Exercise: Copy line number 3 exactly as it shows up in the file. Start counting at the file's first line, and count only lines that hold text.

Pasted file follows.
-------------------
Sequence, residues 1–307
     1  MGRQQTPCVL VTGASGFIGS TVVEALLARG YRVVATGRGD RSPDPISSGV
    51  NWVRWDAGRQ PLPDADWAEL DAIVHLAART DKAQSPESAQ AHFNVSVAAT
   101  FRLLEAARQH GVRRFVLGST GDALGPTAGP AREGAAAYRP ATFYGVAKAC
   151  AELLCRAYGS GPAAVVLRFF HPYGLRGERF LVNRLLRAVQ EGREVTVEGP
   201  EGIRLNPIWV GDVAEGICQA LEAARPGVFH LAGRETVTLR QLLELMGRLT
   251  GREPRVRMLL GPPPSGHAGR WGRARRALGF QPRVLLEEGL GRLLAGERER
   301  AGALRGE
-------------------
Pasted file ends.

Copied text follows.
    51  NWVRWDAGRQ PLPDADWAEL DAIVHLAART DKAQSPESAQ AHFNVSVAAT